I noticed that I might be able to construct a triangle wave by combining a sawtooth wave with a flipped sawtooth wave.A flipped sawtooth wave looks like this: |\|\|\|\

A triangle wave looks like this: /\/\/\/\

The naive approach of simply adding them together gives us this:

Sawtooth wave:

y = x - floor(x)

Flipped (across the y-axis) sawtooth wave:

y = -x - floor(-x)

(Note: when writing this, I accidentally flipped the formula over the x-axis: y = -(x-floor(x)). When I graphed it, I realized my mistake and played around with the -s to get it right. It's normal to play around and make mistakes! Make some terms negative and see what happens to the shape!)

Added together:

y = x - floor(x) + -x - floor(-x)

Graphtoy link

Ah woops! That looks like a straight line. Graphing the sawtooth waves on top of each other reveals why: the diagonal portions cross each other, summing up to a constant value for most values of x.

Graphtoy link

To get a triangle wave, I need to alternate taking a tooth from each sawtooth wave. I can take a tooth from one wave when floor(x) is even; a tooth from the other wave when floor(x) is odd.

That sounds pretty crazy! Fortunately, modular division is an easy way to test whether a number is even or odd.

floor(x) % 2

also written as:

x mod(floor(x), 2)

==============================

1 1 (odd)

1.9 1 (odd)

2 0 (even)

2.9 0 (even)

3 1 (odd)

4 0 (even)

Our gadget to determine when floor(x) is odd: mod(floor(x), 2)also written as:

x mod(floor(x), 2)

==============================

1 1 (odd)

1.9 1 (odd)

2 0 (even)

2.9 0 (even)

3 1 (odd)

4 0 (even)

We can use that to make a complementary gadget to determine when floor(x) is even: 1-mod(floor(x), 2)

Sawtooth wave:

y = x - floor(x)

Flipped (across the y-axis) sawtooth wave:

y = -x - floor(-x)

Using our gadgets to zero out every other tooth:

zero out even teeth zero out odd teeth

y = mod(floor(x), 2) * (x-floor(x)) + (1-mod(floor(x), 2)) * (-x-floor(-x)))

Graphtoy linky = mod(floor(x), 2) * (x-floor(x)) + (1-mod(floor(x), 2)) * (-x-floor(-x)))

Here's what that looks like:

Notice that there are some visible glitches. Let's check the math:

y = mod(floor(x), 2) * (x-floor(x)) + (1-mod(floor(x), 2)) * (-x-floor(-x)))

Plug in x = 0:

y = mod(floor(0), 2) * (0-floor(0)) + (1-mod(floor(0), 2)) * (-0-floor(-0)))

y = 0 * (0-floor(0)) + (1-0) * (-0-floor(-0)))

y = 0

Ah but y is supposed to be 1. It looks like the equation has a bug.

Checking a few more x, y values to build intuition:

x y y is supposed to be

============================

0 0 1

1 0 0

2 0 1

3 0 0

4 0 1

In its current form, our formula is taking neither sawtooth's value when x is a perfect integer (looking at the formula, you can see that it's because (x-floor(x)) and (-x-floor(-x)) are always 0 when x is an integer.============================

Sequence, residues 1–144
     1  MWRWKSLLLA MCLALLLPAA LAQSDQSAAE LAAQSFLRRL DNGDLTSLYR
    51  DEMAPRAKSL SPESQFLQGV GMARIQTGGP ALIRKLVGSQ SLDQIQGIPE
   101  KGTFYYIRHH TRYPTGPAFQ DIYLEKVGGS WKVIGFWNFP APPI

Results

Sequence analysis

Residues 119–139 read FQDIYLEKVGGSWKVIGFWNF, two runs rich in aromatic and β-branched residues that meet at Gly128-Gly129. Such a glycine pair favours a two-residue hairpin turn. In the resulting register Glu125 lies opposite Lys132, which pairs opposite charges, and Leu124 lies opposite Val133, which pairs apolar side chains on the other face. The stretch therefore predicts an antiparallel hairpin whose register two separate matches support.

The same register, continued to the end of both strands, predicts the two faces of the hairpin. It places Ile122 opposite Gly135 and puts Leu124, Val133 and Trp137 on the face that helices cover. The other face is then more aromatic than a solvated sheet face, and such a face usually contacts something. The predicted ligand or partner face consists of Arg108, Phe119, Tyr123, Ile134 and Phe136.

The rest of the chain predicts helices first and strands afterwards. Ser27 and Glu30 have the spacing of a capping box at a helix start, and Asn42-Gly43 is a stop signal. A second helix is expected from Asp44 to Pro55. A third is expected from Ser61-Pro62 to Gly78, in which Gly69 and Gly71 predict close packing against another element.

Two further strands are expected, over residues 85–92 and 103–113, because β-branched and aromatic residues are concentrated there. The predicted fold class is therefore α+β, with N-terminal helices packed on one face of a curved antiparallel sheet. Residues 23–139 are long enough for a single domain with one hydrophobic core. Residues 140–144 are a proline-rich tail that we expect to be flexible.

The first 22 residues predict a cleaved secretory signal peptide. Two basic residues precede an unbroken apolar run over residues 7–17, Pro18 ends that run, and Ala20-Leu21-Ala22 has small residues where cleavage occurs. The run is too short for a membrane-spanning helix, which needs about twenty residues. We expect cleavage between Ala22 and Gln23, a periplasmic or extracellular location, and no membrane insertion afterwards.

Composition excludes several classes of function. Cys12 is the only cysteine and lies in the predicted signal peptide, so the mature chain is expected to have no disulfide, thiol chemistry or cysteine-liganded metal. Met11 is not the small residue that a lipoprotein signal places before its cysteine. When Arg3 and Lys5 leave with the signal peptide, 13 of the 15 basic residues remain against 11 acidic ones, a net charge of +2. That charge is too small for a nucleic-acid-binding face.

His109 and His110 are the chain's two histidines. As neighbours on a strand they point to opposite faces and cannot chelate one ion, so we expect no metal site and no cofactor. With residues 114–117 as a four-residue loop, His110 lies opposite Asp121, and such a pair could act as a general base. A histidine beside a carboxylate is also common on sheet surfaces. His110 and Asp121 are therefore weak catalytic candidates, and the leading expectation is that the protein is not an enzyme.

0 0 1

1 0 0

2 0 1

3 0 0

4 0 1

One fix is to add a term to our formula that has the value 1 for even integers and 0 otherwise.

I played around and came up with this:

(1-mod(floor(x),2))*(1-ceil(x-floor(x)))

The first half of this is our even/odd gadget. The second half is an expression that is 1 for integers, 0 otherwise.

Checking its values:

(1-mod(floor(x),2)) *

x 1-mod(floor(x),2) 1-ceil(x-floor(x)) (1-ceil(x-floor(x)))

=================================================================

0 1 1 1*1 = 1

0.5 1 0 1*0 = 0

1 0 1 0*1 = 0

1.5 0 0 0*0 = 0

2 1 1 1*1 = 1

Fixed equation by adding this gadget:x 1-mod(floor(x),2) 1-ceil(x-floor(x)) (1-ceil(x-floor(x)))

=================================================================

0 1 1 1*1 = 1

0.5 1 0 1*0 = 0

1 0 1 0*1 = 0

1.5 0 0 0*0 = 0

2 1 1 1*1 = 1

y = (mod(floor(x),2))*(x-floor(x))+(1-mod(floor(x),2))*(-x-floor(-x)) + (1-mod(floor(x),2))*(1-ceil(x-floor(x)))

Graphtoy link

Here's what the fixed equation looks like:

Looks perfect! Our formula is pretty complex, though. It's possible we could come up with a simpler formula by reading this Wikipedia page.

Square wave:

Here's one way to make a square wave: take an already periodic formula and make it blocky.

An easy periodic formula is sin(x).

y = sin(x)

Instead of having the period of sin be 2*PI, I can change it to be 2:

y = sin(x*PI)

I can use the "sign" function to turn positive values into 1 and negative values into -1:

y = sign(sin(x*PI))

If I want it to be truly square (1 tall and 1 wide), I'll need to adjust the height and shift it up:

y = sign(sin(x*PI))/2 + 0.5

Graphtoy link

Here's what that looks like:

How did I come up with these formulas and techniques? I remember many of these from school and others I (re)discovered by playing around. You can expand your own catalog by trying out new formulas to see what they look like and taking notes!

Here's a list of interesting things to explore:

log(x)

exp(x)

abs(x)

pow(x, n)

This animation that is built into Graphtoy

Growing concentric circles

Bouncing ball animation

Inigo Quilez's Useful Little Functions (my backup)